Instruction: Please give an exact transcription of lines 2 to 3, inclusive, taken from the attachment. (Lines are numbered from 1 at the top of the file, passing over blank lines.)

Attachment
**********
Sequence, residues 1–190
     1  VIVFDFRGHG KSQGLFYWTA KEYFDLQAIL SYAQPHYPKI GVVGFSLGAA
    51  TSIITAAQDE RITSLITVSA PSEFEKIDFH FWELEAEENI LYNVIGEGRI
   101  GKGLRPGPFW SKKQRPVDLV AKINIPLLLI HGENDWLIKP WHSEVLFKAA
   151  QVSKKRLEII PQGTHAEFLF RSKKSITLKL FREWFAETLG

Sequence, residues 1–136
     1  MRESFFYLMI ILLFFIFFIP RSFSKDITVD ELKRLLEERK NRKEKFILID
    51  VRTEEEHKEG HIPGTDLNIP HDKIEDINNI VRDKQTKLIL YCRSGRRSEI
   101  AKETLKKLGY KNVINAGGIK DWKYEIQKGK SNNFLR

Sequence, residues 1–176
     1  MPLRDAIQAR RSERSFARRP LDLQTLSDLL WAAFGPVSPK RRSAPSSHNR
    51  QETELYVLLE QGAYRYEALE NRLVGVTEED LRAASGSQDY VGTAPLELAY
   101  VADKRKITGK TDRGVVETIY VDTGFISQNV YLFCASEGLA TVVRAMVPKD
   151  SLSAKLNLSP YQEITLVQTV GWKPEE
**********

     1  VIVFDFRGHG KSQGLFYWTA KEYFDLQAIL SYAQPHYPKI GVVGFSLGAA
    51  TSIITAAQDE RITSLITVSA PSEFEKIDFH FWELEAEENI LYNVIGEGRI